Baseline hp/tq for a stock on same day/same dyno: 214 HP / 293 Torque
Fuel: 91octane.

Engine/Power Modifications:

Cobb Tuning AccessPort



Stock shown as dotted line, Stage 1 Accessport 91 v102 map show as solid line

Here’s a little video of it with the runs back to back, notice the boost doesn’t really increase that much. But the hp and torque sure do! WTG Cobb.

Conclusion from our Test:

This little car made much more torque than any of us expected. On stock tune it made more torque than the factory rates them at the flywheel. I must say, you can definitely tell this as well, by the amount of off-the-line power this car has. We ran the car three times on the stock tune, then three times on the stage 1 tune. Looking at the logs, WOW, the amount of heat soaking we get from the intercooler’s inefficient design is staggering! We reached temps upwards of 200 degrees at one point. We’re positive that the stage 2 intercooler upgrade from Cobb will be a nice addition to this platform. All in all, this was a great outing and we learned a lot about how this car performs. We’re looking forward to getting more products installed on White Sheep and keeping you guys updated with it’s progress! Thanks for reading, we hope you enjoyed it!

Corby Lines


Premium Member
2,428 Posts
Discussion Starter · #30 · (Edited)

White Sheep gets a Cobb rear motor mount!

If you would like more product information, you can click any of the images below, or click HERE.

First, let’s give you the rundown about the mount itself.

Mfgr. Warranty: 1 Year
Color: Blue
Durometer: 85A
Material: Aluminum

Now, here’s what RallySport Direct has to say about it:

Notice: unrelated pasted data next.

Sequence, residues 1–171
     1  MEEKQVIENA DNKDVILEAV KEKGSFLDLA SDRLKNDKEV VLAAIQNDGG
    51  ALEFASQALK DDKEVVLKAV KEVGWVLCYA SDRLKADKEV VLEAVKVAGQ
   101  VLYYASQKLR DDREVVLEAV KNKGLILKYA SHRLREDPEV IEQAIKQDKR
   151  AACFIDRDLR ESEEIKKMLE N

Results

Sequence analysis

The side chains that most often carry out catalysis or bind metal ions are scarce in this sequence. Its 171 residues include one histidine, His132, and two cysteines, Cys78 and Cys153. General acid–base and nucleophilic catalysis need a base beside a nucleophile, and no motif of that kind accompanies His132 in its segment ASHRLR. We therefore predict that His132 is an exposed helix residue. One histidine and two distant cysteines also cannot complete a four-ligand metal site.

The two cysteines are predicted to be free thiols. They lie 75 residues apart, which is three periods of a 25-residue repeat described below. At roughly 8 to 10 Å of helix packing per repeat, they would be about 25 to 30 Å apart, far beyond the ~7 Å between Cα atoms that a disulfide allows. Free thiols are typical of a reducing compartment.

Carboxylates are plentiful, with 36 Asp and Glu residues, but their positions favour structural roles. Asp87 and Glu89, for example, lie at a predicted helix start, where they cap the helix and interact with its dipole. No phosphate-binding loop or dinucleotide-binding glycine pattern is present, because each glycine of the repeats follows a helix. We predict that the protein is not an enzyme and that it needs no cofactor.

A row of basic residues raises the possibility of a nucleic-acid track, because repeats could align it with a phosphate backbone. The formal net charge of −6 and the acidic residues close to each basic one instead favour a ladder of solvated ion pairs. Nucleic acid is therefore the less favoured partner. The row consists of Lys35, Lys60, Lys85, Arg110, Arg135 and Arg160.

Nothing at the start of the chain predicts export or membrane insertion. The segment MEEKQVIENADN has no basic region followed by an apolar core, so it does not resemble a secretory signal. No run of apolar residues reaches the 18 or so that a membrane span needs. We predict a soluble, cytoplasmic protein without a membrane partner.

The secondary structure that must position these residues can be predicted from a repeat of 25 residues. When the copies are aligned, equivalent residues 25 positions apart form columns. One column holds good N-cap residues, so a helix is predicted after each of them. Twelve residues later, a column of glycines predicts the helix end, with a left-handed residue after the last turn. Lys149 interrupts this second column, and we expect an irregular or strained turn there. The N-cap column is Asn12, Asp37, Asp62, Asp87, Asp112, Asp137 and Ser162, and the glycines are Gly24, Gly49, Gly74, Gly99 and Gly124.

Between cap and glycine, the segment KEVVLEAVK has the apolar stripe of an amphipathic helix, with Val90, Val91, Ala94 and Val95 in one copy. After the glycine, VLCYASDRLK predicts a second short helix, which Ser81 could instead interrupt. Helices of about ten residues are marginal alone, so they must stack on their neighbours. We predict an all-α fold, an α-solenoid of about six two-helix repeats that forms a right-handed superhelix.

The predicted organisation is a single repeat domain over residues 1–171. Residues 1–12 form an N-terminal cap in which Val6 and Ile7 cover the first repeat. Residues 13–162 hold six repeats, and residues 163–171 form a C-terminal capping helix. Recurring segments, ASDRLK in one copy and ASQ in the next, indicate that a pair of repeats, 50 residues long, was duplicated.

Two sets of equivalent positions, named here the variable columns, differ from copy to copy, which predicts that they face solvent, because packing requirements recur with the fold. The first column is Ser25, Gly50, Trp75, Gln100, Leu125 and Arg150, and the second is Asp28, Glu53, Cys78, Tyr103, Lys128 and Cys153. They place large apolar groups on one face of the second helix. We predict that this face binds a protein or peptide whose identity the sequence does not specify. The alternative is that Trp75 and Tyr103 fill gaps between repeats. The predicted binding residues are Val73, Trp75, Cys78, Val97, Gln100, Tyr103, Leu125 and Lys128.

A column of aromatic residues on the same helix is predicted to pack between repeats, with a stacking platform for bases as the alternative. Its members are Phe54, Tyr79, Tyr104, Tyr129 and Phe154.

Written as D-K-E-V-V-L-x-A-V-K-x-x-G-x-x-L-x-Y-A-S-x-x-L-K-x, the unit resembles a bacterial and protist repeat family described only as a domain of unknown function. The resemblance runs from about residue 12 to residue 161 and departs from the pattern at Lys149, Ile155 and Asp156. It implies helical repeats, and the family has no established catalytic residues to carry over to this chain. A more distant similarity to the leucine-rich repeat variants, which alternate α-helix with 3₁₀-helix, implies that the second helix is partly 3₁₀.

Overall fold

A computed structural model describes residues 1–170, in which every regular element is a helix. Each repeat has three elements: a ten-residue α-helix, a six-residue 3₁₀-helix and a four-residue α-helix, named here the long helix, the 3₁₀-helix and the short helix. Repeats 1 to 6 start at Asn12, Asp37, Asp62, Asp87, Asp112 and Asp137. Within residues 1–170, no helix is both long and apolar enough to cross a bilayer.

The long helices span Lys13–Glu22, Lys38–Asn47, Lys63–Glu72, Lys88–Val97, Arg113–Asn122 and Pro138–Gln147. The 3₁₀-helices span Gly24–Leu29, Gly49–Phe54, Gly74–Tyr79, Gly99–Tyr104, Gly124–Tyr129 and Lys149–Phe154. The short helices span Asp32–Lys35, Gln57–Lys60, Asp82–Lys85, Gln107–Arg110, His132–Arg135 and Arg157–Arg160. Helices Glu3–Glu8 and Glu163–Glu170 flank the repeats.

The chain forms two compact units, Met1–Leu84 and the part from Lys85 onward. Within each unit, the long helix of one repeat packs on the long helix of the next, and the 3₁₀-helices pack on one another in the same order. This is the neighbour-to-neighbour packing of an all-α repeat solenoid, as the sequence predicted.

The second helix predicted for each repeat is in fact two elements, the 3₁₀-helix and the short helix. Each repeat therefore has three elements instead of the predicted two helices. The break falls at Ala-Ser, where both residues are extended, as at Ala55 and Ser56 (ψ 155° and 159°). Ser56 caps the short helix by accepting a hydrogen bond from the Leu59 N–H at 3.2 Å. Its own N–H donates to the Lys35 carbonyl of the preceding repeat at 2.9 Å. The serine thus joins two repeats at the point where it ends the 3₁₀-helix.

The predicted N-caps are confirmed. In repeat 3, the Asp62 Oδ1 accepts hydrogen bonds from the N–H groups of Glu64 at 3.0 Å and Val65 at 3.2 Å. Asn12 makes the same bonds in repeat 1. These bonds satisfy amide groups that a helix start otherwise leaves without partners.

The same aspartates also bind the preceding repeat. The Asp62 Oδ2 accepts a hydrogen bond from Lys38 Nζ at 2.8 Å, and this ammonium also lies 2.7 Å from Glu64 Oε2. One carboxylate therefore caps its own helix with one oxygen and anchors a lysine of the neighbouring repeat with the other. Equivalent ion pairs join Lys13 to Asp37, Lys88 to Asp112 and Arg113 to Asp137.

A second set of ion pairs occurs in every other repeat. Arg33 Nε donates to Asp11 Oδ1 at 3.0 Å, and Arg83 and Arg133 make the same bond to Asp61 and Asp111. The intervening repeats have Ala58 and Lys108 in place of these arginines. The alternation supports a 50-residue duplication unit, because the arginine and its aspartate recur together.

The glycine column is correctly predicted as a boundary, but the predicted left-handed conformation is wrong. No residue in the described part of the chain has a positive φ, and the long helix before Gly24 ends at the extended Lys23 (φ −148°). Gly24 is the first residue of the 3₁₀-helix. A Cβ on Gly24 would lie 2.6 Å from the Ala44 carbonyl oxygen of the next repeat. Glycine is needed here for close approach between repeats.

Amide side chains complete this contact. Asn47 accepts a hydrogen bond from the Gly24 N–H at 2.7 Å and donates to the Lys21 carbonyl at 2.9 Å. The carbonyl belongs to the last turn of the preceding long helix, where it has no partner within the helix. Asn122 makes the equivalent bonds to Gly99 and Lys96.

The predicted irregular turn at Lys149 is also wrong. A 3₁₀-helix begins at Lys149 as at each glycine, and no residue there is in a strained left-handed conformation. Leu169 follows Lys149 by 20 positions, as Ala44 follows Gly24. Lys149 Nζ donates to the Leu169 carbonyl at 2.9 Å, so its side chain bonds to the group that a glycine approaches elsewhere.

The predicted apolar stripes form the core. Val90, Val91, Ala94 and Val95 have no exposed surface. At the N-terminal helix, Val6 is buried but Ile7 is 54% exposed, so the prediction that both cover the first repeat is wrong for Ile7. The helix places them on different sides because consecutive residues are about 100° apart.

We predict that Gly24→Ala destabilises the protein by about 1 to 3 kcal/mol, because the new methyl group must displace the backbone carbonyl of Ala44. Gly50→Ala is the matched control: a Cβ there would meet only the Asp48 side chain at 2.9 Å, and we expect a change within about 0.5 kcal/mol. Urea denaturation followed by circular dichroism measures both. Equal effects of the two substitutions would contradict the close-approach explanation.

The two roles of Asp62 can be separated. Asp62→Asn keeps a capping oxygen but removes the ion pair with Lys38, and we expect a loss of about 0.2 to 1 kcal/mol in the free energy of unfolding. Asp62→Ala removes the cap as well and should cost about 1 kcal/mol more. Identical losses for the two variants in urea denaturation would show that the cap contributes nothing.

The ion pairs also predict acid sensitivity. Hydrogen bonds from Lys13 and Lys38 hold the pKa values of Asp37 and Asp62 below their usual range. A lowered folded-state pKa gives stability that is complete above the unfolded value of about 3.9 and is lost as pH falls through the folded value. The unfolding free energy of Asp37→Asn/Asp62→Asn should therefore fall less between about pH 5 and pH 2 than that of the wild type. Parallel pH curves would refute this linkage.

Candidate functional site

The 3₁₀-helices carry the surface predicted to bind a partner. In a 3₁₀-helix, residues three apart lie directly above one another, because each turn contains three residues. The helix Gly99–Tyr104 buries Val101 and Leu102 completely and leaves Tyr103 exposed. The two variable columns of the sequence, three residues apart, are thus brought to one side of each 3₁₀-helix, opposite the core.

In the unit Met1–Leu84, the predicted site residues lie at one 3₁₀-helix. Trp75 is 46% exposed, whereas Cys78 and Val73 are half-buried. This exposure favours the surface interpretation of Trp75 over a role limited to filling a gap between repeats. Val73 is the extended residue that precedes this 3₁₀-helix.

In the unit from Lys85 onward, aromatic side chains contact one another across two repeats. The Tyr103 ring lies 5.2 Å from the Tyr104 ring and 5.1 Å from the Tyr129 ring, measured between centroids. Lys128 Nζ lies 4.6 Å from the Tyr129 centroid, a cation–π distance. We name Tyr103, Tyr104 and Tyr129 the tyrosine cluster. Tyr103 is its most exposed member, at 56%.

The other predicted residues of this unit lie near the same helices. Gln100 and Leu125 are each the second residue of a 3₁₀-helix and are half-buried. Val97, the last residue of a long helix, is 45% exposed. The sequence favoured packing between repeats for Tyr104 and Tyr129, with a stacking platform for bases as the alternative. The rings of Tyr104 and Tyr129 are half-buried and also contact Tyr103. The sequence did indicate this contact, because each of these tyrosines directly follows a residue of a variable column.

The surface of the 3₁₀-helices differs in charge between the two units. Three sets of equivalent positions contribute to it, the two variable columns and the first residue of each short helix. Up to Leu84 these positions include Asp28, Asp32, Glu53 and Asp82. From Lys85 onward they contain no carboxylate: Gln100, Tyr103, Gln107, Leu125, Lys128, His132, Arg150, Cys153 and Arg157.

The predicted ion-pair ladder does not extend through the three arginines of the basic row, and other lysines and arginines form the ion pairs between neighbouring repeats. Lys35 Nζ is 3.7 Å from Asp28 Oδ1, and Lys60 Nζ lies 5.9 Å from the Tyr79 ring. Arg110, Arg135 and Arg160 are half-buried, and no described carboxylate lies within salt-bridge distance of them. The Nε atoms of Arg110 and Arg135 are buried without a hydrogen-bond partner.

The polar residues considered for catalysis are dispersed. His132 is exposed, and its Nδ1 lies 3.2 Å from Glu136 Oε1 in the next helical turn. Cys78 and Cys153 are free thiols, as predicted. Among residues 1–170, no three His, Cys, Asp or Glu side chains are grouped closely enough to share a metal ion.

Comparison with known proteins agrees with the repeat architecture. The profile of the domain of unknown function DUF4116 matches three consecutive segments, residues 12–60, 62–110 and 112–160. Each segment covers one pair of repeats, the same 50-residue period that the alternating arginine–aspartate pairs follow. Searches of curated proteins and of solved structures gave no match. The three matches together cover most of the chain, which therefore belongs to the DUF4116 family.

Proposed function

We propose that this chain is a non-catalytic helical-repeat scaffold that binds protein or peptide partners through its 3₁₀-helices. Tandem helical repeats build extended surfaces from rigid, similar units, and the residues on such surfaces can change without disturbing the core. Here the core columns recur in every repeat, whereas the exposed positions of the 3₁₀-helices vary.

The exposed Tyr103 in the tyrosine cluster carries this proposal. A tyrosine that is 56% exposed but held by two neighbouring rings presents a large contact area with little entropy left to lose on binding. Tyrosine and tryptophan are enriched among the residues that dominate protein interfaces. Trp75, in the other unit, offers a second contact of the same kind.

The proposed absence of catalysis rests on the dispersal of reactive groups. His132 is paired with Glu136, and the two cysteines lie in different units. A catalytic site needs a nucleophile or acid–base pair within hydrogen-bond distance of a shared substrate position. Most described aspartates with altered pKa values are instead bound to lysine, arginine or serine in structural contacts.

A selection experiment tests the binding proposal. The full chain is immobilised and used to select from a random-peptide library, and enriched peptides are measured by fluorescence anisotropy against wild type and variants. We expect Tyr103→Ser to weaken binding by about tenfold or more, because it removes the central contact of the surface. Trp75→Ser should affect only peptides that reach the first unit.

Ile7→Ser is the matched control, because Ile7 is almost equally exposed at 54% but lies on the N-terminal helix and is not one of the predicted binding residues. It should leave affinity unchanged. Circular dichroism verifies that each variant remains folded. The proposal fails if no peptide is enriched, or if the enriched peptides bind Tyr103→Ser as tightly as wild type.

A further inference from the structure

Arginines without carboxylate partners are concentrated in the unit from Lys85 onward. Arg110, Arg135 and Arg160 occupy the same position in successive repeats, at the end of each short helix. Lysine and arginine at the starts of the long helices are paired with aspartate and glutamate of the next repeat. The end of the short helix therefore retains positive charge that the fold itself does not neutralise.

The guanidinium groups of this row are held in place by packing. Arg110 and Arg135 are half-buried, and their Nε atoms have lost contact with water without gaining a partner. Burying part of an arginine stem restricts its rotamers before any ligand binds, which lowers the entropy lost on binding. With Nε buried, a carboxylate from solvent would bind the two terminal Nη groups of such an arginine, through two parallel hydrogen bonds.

The COBB Rear Motor Mount is the best way to minimize engine movement, improve traction, and reduce wheel hop without major impact to NVH. Typical bushing designs can rattle your teeth out at idle or during throttle input. The COBB RMM utilizes unique “voids” custom molded into the 85A durometer bushing to absorb vibrations, but still reduce engine movement to aid getting all the power to the ground. The beautifully machined 6061 billet aluminum mount with zinc hardware will make you sad you have to hide it under your car, but you will be grinning at every stop light!

Here’s a list of the tools you’ll need to do this yourself:

3/8 ratchet

Sockets: 13mm, 15mm

Wrenches: 13mm 15mm

Jack, Jack stands

10 mm hex key for the Cobb mount bolt.

Ok, on to our review/install. We decided it was time to replace that poorly designed factory rear motor mount on White Sheep. We took it around and drove it hard a couple times to see what it felt like, and it was horrible. We can understand the direction behind the design of the factory mount, they wanted to build it in such a way to keep costs down, while at the same time having a performance mount that would let you know when you are pushing the car a little harder than they recommend. Well, enough of that, we decided to go with the Cobb RMM. Here’s what they look like when we ship them to you:

Open it up and here’s what you’ll find, stickers, thank you card, and under all of that, and some protective foam, a pretty blue motor mount, it’s almost a shame to hide something that looks this great on the bottom side of the engine.